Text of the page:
The phase III JAVELIN Ovarian 100 study exploring frontline avelumab in ovarian cancer has been ended after an independent panel determined the study would not meet its primary endpoint of progression-free survival.
The phase III JAVELIN Ovarian 100 study exploring frontline avelumab (Bavencio) in ovarian cancer has been ended after an independent panel determined the study would not meet its primary endpoint of progression-free survival (PFS), according to Merck KGaA and Pfizer, the co-developers of the PD-L1 inhibitor.
The study included 998 treatment-naive patients with locally advanced or metastatic (stage III/IV) epithelial ovarian cancer, fallopian tube cancer, or primary peritoneal cancer. Patients were randomized to carboplatin/paclitaxel; carboplatin/paclitaxel with maintenance avelumab; or avelumab plus carboplatin/paclitaxel followed by maintenance avelumab.
At a planned interim analysis, an independent data monitoring panel determined that neither of the 2 avelumab arms would demonstrate a PFS benefit over the control arm of chemotherapy alone. According to Merck KGaA and Pfizer, there were no new safety signals, and the safety data were similar to findings from other research in the companies’ JAVELIN clinical program.
The companies also reported that health authorities and study investigators have been made aware of the decision to terminate the trial. Additionally, Merck KGaA and Pfizer plan to share the specific data from the trial at a later date.
Avelumab plus PLD led to an HR for PFS of 0.78, which did not meet the prespecified criteria for superiority (repeated confidence interval [RCI], 0.587-1.244; one-sided P value = .0301). The OS endpoint with the avelumab combination was also not met (HR, 0.89; RCI, 0.744-1.241; one-sided P value = .2082).
Avelumab monotherapy also missed the PFS endpoint (HR, 1.68; RCI, 1.320-2.601; one-sided P value >.99) and OS endpoint (HR, 1.14; RCI, 0.948-1.580; one-sided P value = .8253). Merck and Pfizer noted that these data are currently being analyzed, and detailed results will be presented at a later date.
In the multicenter, randomized, phase III JAVELIN Ovarian 200 trial (NCT02580058), 556 patients with platinum-resistant or -refractory ovarian cancer were randomized to receive either avelumab intravenously (IV) at 10 mg/kg every 2 weeks in 4-week cycles, avelumab IV at 10 mg/kg every 2 weeks in 4-week cycles plus PLD at 40 mg/m2 IV every 4 weeks in 4-week cycles, or PLD at 40 mg/m2 IV every 4 weeks in 4-week cycles.
Patients had histologically confirmed epithelial ovarian, fallopian tube, or peritoneal cancer, platinum-resistant/-refractory disease, previously received up to 3 lines of systemic therapy, and measurable disease. The primary endpoints were superior OS or PFS for one or both avelumab arms versus PLD; objective response rate (ORR) was a secondary endpoint.
The ORR was 13.3% (95% CI, 8.8%-19.0%) for avelumab combined with PLD, 3.7% (95% CI, 1.5%-7.5%) for single-agent avelumab, and 4.2% (95% CI, 1.8%-8.1%) for PLD alone. There were no new safety signals reported with either avelumab monotherapy or with the combination.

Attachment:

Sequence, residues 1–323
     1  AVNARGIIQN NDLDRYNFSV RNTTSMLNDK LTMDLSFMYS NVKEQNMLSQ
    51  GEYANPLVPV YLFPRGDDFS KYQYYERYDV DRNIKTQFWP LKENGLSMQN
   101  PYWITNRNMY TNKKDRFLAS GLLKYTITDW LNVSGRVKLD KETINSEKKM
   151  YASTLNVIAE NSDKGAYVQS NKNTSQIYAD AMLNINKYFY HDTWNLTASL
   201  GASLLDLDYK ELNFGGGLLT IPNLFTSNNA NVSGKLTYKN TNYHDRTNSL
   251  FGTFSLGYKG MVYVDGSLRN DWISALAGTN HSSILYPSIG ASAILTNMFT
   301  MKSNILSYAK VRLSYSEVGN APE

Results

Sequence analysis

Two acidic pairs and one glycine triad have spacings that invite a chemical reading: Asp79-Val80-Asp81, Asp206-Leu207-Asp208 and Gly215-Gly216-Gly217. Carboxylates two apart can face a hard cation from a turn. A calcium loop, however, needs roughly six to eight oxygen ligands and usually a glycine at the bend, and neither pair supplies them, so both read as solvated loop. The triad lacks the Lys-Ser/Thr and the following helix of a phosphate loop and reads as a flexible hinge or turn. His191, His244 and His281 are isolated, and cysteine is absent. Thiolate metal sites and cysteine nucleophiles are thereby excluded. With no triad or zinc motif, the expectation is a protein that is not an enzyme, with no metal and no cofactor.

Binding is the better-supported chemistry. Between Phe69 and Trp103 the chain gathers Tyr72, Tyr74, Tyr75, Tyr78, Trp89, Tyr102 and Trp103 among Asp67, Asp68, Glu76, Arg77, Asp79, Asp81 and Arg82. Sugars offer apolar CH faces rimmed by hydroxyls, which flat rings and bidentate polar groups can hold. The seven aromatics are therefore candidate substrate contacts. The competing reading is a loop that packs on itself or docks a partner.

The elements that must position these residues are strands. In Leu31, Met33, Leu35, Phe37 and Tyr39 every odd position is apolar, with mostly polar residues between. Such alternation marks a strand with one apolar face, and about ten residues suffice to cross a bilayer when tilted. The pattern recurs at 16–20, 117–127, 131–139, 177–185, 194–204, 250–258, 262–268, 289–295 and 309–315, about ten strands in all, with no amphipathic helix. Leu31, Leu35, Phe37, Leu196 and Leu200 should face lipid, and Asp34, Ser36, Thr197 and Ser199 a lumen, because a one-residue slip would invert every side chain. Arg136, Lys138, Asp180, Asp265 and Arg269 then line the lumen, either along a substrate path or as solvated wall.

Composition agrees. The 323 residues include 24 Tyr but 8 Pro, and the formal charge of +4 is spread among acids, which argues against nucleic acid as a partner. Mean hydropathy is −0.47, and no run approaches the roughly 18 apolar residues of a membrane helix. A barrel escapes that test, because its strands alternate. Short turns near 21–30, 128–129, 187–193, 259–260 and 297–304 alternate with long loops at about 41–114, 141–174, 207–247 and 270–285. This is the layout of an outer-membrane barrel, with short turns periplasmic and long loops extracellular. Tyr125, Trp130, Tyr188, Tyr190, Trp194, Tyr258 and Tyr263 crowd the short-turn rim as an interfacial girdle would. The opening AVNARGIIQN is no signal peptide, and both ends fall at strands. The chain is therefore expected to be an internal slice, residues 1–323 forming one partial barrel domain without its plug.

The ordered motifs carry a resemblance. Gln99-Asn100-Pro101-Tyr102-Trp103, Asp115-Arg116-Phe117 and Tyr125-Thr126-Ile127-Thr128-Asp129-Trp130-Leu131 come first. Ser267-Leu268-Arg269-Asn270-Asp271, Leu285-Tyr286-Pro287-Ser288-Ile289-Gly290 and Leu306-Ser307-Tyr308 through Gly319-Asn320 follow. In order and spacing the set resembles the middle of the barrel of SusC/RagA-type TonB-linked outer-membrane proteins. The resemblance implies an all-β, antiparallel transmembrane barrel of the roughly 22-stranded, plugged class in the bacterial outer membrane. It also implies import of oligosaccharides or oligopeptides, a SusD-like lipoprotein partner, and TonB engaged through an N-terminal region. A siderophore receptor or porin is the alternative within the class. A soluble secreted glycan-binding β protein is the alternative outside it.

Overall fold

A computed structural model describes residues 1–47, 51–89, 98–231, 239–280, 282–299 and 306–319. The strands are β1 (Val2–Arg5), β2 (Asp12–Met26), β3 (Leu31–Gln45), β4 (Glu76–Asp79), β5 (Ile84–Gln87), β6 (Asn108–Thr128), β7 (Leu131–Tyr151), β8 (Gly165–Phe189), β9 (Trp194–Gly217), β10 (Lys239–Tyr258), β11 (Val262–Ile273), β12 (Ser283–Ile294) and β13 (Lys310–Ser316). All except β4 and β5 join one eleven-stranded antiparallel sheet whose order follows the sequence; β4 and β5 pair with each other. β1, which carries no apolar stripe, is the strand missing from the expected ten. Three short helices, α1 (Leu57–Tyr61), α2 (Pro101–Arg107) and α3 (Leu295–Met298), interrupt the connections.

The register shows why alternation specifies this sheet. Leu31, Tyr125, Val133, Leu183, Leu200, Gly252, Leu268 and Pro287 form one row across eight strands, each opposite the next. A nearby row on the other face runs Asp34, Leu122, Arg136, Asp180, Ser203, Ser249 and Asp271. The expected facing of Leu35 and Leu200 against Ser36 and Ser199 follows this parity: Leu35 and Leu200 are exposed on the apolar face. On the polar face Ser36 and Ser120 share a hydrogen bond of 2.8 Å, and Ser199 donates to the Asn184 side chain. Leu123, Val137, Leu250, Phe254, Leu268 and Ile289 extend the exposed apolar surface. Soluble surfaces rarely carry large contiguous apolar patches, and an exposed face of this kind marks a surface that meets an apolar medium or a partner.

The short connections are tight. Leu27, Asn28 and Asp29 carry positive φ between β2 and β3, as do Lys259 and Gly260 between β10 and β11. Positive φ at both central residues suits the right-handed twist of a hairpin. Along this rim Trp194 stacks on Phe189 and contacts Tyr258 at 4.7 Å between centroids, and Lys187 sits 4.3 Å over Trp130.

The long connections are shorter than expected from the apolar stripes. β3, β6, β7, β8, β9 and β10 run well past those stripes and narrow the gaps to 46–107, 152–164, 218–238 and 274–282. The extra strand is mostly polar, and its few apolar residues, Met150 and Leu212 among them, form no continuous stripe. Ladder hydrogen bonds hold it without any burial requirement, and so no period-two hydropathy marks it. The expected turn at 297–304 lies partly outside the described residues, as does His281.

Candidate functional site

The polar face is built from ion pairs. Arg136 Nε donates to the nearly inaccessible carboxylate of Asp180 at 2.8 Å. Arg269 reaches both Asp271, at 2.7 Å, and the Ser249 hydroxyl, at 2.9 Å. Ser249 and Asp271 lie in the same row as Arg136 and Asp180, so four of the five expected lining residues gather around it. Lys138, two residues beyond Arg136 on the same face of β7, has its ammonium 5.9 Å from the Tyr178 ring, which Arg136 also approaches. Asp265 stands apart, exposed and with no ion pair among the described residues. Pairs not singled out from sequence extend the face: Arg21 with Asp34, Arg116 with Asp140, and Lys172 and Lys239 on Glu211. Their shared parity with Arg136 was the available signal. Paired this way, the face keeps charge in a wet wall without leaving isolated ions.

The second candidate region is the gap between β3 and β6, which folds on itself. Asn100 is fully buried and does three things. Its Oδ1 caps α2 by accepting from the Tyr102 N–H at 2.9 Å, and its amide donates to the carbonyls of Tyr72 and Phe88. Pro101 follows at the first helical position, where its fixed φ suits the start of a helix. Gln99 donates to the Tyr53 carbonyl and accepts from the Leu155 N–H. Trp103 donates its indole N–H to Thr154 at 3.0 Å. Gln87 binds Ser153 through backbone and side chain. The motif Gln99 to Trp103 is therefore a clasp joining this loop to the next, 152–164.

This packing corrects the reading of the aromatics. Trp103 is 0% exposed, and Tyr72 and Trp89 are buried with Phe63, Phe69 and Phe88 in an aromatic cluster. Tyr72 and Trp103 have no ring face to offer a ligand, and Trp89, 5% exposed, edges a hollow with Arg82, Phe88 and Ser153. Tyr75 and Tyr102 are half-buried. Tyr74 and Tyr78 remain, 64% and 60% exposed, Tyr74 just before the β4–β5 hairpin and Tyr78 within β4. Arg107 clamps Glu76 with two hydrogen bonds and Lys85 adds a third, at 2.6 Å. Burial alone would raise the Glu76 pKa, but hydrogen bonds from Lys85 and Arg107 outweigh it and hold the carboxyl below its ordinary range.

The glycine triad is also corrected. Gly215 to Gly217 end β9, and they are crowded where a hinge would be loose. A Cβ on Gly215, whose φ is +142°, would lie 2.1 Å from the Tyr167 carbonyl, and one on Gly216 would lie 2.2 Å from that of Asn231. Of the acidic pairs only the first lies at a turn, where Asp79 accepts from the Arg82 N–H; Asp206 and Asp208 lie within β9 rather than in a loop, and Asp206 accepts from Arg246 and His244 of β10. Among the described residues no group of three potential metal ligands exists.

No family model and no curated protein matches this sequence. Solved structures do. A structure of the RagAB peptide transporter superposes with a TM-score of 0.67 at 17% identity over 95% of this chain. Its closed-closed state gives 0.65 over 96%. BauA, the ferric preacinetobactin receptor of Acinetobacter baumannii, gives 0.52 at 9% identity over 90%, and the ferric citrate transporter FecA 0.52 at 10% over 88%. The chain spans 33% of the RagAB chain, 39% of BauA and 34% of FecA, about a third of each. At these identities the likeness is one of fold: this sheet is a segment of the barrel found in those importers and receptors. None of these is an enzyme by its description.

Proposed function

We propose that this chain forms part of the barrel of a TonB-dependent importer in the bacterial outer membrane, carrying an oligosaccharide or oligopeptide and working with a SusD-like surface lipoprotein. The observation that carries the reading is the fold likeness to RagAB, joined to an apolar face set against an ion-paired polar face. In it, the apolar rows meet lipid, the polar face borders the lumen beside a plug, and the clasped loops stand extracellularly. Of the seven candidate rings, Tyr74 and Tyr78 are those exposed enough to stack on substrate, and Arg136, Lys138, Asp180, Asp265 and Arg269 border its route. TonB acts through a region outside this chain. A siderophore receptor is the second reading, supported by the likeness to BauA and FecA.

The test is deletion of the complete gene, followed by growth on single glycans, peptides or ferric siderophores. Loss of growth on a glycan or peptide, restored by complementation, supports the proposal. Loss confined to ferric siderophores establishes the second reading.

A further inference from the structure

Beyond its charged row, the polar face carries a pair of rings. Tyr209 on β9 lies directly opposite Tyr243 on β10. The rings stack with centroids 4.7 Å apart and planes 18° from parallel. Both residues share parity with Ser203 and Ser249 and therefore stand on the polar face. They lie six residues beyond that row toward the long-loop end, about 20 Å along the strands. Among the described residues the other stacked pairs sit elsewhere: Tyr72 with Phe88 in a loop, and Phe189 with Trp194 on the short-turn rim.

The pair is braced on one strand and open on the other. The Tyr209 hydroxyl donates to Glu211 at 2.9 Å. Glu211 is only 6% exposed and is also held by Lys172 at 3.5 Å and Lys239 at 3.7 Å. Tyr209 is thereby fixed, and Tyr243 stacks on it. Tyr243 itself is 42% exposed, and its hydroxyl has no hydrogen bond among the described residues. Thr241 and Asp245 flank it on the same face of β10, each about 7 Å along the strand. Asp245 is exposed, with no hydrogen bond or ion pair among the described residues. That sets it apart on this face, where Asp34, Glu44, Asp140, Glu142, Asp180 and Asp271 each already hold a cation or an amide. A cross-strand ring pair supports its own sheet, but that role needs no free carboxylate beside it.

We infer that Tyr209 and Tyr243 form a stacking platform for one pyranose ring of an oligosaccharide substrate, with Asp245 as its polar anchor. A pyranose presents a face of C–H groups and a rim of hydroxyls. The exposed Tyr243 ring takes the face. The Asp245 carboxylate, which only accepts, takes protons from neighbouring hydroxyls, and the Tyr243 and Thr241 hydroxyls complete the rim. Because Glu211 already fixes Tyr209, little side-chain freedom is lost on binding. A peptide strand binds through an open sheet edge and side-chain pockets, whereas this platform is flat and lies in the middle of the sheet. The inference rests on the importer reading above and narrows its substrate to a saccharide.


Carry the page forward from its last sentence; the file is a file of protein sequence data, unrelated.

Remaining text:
Exploration of avelumab in ovarian cancer continues in other trials, including the JAVELIN Ovarian PARP 100 study (NCT03642132). This phase III trial is assessing the potential of avelumab combined with chemotherapy followed by maintenance with avelumab plus the PARP inhibitor talazoparib (Talzenna) in treatment-naive patients with advanced ovarian cancer.
Overall, researchers have struggled to determine the optimal approach to using immune checkpoint inhibitors in ovarian cancer. Single-agent studies have shown only modest results, so, as with the JAVELIN program, researchers have been turning to combinations.
One such study is NRG GY009 (NCT02839707), a 3-arm randomized trial of patients with platinum-resistant recurrent ovarian cancer who have had 1 to 2 prior lines of therapy. Patients randomized to arm 1 will receive 40 mg/m2 of PLD for 4 weeks plus 800 mg of atezolizumab (Tecentriq) every 2 weeks. Arm 2 mirrors arm 1, with the addition of 10 mg/kg of bevacizumab (Avastin) every 2 weeks. Patients randomized to arm 3 will receive 40 mg/m2 of PLD every 4 weeks and 10 mg/kg of bevacizumab every 2 weeks.
Another study is IMaGYN050, a double-blinded, randomized, placebo-controlled, multicenter study of atezolizumab versus placebo in combination with paclitaxel, carboplatin, and bevacizumab in previously untreated patients with epithelial ovarian, fallopian tube, or primary peritoneal cancer. Patients enrolled on this trial are either stage III or stage IV or are in the adjuvant setting with advanced disease.
The phase I/II TOPACIO/KEYNOTE-162 study (NCT02657889) is a dose-finding combination trial of niraparib (Zejula) plus pembrolizumab (Keytruda) in patients with metastatic triple-negative best cancer or recurrent platinum-resistant epithelial ovarian cancer.
Additionally, the ATHENA trial (NCT03522246) is a phase III randomized trial of rucaparib (Rubraca) and nivolumab (Opdivo) as maintenance treatment following response to first-line platinum-based chemotherapy. There are 1000 patients planned for this trial, and they are being randomized to either rucaparib plus nivolumab, rucaparib plus placebo, placebo plus nivolumab, or oral placebo plus intravenous placebo.
This is the second recent report of a phase III trial of avelumab in ovarian cancer that has missed its primary endpoint. Last month, Merck KGaA and Pfizer reported that findings from the phase III JAVELIN Ovarian 200 trial showed that avelumab alone or in combination with pegylated liposomal doxorubicin (PLD) did not induce a statistically significant improvement in overall survival (OS) or PFS versus PLD alone in patients with platinum—resistant/refractory ovarian cancer, missing the primary endpoints of the study